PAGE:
Keep it together because the kids are watching

April 13, 2007|by LISA PREJEAN

Even though it has been unseasonably cool, there have been several signs that spring has arrived. The robins are making preparations for their nests. Rabbits hop here and there across the fields. Swimwear is prominently displayed in the major department stores. Sports teams are practicing at area parks.

Warm weather, hopefully, will follow soon.

The clearest sign that spring has arrived in our home is the state of our calendar. Like most parents of school-age children, we know that for the next eight weeks or so, the pace is going to be fast and the activities will be numerous. The last marking period is typically the busiest in terms of events.

We're already talking about how many times we're going to "divide and conquer," one of us taking the firstborn to an event, the other taking child number two to a different activity. (Don't ask my husband about this. He only wants to know what we're doing today.)


We know that it's only going to be like this for a couple of years, so we can handle it. Before we know it, they'll both be away at college and we'll be longing for these busy times.

Actually, we enjoy going and doing with our kids. We've met many nice families through the activities that interest our children. It is encouraging to see parents who care enough to be involved in their children's lives.

As all of us gear up for the spring concert/recital/drama/competition season, it would be wise to be reminded that our children learn a lot from us even when we aren't participating.

They see how we conduct ourselves on the sidelines or in the audience. Are we modeling polite, courteous behavior? If not, what message does that send to our children?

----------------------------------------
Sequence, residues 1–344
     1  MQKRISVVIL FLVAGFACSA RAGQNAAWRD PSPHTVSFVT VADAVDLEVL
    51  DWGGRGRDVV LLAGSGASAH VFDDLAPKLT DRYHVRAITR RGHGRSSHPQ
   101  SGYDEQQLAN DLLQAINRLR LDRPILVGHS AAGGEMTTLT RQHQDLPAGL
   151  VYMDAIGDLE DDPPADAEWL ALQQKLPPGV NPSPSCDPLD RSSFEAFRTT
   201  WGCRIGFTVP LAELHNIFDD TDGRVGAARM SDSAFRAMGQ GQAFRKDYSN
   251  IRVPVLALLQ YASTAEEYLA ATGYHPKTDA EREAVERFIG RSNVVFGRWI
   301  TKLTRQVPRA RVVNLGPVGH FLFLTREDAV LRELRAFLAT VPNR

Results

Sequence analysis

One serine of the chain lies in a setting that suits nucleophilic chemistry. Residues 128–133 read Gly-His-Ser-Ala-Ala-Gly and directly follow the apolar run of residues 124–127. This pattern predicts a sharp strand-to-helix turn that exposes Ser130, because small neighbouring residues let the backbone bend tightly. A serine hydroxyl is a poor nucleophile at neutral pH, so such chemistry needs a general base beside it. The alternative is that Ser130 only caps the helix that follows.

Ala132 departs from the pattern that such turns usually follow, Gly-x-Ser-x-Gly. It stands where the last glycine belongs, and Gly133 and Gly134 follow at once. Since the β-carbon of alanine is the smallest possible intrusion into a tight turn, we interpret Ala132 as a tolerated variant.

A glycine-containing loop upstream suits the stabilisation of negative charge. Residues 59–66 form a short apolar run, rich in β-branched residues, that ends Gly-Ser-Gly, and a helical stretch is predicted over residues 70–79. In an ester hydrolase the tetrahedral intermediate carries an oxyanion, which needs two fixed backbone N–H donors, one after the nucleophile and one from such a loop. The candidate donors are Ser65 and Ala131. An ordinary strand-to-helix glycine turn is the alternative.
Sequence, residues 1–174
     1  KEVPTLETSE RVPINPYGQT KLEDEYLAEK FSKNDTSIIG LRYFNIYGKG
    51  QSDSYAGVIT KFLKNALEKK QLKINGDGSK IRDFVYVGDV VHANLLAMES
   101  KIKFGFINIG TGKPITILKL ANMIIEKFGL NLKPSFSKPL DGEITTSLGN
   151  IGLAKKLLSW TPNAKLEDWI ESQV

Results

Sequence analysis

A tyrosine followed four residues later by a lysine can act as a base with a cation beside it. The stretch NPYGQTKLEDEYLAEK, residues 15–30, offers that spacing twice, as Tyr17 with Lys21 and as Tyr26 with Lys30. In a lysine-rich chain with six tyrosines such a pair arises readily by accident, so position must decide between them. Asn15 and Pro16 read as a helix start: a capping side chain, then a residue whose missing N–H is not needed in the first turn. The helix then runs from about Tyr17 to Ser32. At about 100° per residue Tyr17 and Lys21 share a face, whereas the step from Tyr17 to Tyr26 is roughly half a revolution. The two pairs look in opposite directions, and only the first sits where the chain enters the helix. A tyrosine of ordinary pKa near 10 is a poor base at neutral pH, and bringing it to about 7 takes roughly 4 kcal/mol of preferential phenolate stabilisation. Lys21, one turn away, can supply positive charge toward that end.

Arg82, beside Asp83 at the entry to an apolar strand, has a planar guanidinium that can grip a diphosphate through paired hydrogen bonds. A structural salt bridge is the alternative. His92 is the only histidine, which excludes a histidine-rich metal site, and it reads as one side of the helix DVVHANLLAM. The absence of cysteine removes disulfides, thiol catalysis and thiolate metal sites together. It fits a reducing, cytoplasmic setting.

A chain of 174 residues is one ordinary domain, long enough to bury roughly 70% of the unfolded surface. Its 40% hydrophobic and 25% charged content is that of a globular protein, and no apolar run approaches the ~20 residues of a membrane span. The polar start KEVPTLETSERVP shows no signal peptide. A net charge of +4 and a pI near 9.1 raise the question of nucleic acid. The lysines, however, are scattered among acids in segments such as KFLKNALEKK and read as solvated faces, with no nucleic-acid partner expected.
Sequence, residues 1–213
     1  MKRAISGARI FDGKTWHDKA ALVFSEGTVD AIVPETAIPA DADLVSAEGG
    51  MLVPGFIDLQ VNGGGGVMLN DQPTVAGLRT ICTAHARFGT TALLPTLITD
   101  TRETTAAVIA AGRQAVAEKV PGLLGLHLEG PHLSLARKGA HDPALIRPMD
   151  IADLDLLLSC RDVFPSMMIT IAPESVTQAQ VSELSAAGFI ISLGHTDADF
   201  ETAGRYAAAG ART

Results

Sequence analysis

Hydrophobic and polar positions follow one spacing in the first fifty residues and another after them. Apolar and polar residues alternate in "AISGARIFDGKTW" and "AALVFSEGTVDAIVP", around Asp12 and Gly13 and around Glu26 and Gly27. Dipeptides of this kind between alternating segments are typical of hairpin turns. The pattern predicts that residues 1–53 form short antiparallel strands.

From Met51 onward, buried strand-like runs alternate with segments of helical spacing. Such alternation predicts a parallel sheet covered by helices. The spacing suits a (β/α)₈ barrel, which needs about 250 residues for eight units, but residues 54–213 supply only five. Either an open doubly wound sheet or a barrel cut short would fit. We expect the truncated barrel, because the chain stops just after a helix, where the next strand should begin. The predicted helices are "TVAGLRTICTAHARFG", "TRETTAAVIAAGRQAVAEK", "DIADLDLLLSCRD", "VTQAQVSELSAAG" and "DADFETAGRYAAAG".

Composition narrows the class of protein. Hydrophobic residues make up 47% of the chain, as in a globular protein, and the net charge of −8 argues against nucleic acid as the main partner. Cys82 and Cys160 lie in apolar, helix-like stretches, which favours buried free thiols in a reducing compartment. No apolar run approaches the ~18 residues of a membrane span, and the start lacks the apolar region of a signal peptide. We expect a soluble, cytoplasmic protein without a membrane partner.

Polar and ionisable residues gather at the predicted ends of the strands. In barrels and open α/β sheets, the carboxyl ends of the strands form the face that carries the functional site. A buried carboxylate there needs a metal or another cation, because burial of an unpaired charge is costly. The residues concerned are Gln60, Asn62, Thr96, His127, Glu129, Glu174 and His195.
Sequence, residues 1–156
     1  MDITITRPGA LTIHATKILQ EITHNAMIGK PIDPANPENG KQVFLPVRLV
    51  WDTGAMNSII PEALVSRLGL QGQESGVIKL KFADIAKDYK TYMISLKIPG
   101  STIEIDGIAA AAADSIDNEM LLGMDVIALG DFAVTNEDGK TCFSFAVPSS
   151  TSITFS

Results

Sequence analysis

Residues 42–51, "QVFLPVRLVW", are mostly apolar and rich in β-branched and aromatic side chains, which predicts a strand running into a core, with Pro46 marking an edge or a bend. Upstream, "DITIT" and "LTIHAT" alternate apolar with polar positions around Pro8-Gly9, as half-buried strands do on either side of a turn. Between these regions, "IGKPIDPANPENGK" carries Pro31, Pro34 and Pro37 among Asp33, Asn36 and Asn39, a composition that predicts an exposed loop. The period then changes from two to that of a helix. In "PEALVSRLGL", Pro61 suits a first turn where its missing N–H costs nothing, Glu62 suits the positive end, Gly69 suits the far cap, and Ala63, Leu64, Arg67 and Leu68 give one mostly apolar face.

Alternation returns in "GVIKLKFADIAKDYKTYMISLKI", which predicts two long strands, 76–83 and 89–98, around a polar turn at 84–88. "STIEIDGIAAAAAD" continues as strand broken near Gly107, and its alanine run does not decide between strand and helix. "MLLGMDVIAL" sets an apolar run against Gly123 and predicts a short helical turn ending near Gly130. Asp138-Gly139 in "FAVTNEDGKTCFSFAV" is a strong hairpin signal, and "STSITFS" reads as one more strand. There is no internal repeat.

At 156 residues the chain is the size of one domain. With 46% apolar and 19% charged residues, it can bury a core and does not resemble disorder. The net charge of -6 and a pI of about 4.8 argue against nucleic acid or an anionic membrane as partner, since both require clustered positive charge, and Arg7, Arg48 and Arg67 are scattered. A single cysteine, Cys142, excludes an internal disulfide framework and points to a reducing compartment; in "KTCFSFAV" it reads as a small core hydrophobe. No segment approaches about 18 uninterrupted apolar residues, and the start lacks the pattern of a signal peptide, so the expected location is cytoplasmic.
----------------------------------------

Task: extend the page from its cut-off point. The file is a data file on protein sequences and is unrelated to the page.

Here are some things we need to keep in mind as we support the kids of our community with our attendance at their special events:

1. Children should be brought to performances 10 to 15 minutes before they're supposed to be there. This will help to calm pre-stage jitters.

2. Parents should take their seats a few minutes early and stay seated throughout the performance. If you'd like to take photos during the performance, go to the aisle and make sure you're not blocking anyone's view. Better yet, talk to your child's teacher about the possibility of setting up photos before or after the performance. These photos typically come out better and you don't run the risk of distracting the performers with your flash.

3. Turn off your cell phone before the performance starts. Better yet, leave your cell phone in the car. Most phone calls can wait an hour or two.

4. Be considerate of the people around you. Don't talk to your neighbor during a performance.

5. If you must leave the auditorium, try to pick a good time. Don't get out of your seat when a soloist is performing. Move when the actors/singers move or when there's a break for applause.

6. If you bring a preschooler, plan to remove the child if he or she starts fussing or crying. (Isn't there a baby sitter you could trust for a few hours?)

7. Don't leave after your child has performed. If you stay for the entire production, you might learn a lot about the organization, school, teachers, etc. Plus, you might even enjoy yourself.

8. If you know in advance that you're going to have to leave early, sit in the back so you cause minimal distraction.

9. If you don't want your program, deposit it in the nearest trash can. Don't leave it in your seat or throw it on the floor.

10. If your child is being evaluated by judges, look at the judging sheets carefully. Don't take offense at any negative comments. Talk with your child about the benefits of constructive criticism. What can be learned from the judges' comments and what can be done differently for future competitions?

11. Most of all, enjoy each moment that you get to spend as your child's biggest fan. It's your privilege as a parent.

Lisa Tedrick Prejean writes a weekly column for The Herald-Mail's Family page. Send e-mail to her at

The Herald-Mail Articles